Friday means yet another classic genre movie from the fifties. Invaders from Mars is a bit different as it falls more into the science fiction genre than monsters from outer space. There is also an interesting twist that is unlike anything else that I’ve covered so far. More on that later.
Our main character is a young boy named David. When we first meet him, he is getting up early to check out some cool stuff on his telescope. The kid is a bit of a science nerd and so is his father who is an engineer. When the boy sees a spaceship land in the field behind their house he tells his father, who decides to investigate. When Dad returns he isn’t himself acting almost mechanical and snapping at David. Something is clearly going on. But what?
After a few more people go into the field and return changed David convinces some adults to check it out. They find that an alien ship has landed in the field for a very specific purpose. In a pretty big logical leap, they speculate that the secret rocket program that his Dad is working on is a threat to theoretical alien space ships/stations where the Martians live now that their planet is uninhabitable. They are controlling people like David’s father to sabotage the rocket program and save them from the threat. How do they come to this conclusion? It just sort of happens. The Army shows up and there is a big showdown with the Aliens. How does it end? Not the way you would expect.
Be warned there are some spoilers below. If you don’t like that sort of thing skip to the last paragraph of this review to get my final word and recommendation on Invaders from Mars. Got it? Okay you were warned. The plot here makes some strange leaps in logic, like I’ve already mentioned. But we also have adults that inexplicably believe a kid when he tells them his parents have been kidnapped by Martians and changed. Not only do they believe him, but they call the military and roll the tanks immediately. That was a bit much to take when it came to suspension of disbelief. Instead of accusing the movie of lazy plotting I have to appreciate it for the explanation which comes in the big twist. Here comes the spoiler, this is all a dream that David is having. The paranoia and fear of losing his Mom and Dad along with finding sympathetic adults that will help him out fit nicely into the narrative of his nightmare. Which also explains the lack of logic shown by some of the adults. This is a kid’s dream. Okay movie you get a free pass on that one.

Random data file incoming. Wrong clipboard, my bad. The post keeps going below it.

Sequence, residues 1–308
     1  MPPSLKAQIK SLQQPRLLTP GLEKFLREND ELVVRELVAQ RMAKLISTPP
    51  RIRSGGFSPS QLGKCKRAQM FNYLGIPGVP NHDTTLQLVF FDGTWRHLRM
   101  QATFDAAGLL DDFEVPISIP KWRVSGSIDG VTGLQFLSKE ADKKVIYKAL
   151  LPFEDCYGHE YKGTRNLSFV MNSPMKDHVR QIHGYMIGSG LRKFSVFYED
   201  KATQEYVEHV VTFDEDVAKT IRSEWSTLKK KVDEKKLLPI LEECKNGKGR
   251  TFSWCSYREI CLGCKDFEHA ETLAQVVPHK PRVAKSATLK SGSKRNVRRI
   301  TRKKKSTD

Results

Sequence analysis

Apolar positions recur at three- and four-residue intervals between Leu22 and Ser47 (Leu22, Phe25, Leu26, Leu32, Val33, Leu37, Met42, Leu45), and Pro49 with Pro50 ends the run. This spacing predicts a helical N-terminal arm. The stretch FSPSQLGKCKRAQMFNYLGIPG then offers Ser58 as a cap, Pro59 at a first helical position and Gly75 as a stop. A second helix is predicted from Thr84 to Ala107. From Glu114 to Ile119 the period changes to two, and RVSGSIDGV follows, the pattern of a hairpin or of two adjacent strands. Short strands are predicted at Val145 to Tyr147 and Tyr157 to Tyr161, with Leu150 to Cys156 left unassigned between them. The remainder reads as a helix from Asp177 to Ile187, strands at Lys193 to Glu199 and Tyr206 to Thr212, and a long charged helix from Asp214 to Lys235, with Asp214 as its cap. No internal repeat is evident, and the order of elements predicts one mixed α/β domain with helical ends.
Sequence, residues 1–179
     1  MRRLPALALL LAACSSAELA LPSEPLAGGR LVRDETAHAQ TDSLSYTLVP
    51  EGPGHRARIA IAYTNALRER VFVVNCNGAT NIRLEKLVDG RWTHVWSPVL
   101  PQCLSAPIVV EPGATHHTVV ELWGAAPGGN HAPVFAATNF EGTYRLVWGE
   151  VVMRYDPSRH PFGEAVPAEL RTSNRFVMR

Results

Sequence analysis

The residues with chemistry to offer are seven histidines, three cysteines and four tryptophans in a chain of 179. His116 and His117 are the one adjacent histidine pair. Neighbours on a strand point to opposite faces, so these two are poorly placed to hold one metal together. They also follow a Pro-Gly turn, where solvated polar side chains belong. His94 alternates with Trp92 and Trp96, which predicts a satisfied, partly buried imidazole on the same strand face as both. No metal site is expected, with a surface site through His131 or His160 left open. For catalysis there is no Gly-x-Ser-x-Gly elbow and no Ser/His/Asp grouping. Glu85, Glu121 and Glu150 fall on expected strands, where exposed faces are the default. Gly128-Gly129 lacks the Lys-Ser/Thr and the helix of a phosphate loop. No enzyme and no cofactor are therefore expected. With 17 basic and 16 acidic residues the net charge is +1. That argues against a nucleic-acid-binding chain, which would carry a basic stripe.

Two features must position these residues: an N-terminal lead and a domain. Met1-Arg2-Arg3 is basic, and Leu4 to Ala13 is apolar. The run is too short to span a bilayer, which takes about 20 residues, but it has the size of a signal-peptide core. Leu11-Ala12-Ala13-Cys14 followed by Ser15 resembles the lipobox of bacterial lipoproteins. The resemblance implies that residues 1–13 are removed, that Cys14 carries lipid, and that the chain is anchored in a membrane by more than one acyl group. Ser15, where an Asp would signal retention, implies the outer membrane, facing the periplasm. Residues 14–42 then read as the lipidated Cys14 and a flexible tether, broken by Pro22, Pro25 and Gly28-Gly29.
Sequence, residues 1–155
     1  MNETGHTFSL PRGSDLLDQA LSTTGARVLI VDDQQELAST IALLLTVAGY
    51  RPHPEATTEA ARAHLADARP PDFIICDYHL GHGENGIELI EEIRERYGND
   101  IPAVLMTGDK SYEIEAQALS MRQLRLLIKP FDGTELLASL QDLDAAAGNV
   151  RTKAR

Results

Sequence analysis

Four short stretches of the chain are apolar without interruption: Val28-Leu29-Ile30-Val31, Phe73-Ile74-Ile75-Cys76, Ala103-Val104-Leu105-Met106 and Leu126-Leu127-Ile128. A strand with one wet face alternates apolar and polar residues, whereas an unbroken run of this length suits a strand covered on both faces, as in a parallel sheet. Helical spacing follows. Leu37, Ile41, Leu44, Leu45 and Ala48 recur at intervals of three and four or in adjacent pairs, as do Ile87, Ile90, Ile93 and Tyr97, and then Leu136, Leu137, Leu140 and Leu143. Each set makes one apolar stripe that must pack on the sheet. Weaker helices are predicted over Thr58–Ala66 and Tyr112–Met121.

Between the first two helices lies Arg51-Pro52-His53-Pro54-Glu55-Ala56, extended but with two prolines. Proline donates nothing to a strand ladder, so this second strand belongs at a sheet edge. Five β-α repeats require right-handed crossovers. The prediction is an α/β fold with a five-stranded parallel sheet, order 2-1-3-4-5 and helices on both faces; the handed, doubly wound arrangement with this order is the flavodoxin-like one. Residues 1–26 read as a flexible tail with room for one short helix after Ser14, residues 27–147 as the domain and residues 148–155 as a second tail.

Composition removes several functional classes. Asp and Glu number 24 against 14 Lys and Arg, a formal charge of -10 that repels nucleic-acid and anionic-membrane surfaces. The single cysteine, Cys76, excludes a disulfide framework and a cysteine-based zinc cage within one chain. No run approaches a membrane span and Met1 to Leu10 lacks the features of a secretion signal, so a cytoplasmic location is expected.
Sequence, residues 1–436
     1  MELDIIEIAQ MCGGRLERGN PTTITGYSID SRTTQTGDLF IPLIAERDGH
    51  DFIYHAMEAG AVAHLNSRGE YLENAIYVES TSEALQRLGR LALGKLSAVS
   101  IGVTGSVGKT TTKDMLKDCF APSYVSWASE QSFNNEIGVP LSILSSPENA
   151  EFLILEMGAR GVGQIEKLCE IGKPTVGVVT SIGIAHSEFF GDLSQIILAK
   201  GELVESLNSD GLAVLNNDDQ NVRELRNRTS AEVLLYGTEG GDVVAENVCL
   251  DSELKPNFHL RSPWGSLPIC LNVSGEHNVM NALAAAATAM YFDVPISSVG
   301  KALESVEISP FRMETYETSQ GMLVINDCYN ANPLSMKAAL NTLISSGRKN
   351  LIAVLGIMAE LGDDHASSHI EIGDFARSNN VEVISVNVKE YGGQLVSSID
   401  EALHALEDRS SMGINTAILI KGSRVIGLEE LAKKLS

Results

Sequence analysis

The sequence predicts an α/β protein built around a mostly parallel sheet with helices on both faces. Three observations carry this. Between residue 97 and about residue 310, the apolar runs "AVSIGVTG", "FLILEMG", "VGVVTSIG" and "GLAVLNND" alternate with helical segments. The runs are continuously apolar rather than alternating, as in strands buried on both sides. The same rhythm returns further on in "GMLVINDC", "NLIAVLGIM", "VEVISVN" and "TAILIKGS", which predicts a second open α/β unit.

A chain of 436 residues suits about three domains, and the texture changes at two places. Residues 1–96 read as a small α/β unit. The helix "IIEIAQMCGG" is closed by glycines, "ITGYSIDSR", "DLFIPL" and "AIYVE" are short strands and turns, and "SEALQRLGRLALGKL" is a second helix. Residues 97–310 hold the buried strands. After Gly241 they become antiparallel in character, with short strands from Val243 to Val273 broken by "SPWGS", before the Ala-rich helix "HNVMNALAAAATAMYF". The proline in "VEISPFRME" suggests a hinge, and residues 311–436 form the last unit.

It isn’t just the plot that has a unique point of view. They even do an amazing job with the visuals from the colors used to the spartan sets that have odd angles and doors that are way too large. There is a surreal and dreamlike quality to the movie that is perfect for the story that is being told. Now that being said I will admit that as nicely as it was executed this does come off as a kid’s movie. Because of that doesn’t hold the same interest for me that some of the other better invasion movies do. I found myself more than a little bored waiting for the action to begin. We don’t’ even see a Martian until the last twenty minutes of the movie. And then they are mostly the mutants aka. guys in body suits with the seams visible who keep running thru the same couple of hallways over and over again. The only highlight is the head in a bowl and that doesn’t get enough screen time.
Slow pacing and not enough Aliens make Invaders from Mars a chore to get thru. I do appreciate what they were trying to accomplish, but it just didn’t do it for me. This movie is only for those hardcore fans of fifties science fiction, everyone else should take a pass on it. I know that it is considered a classic by some but I can’t recommended it.
© Copyright 2018 John Shatzer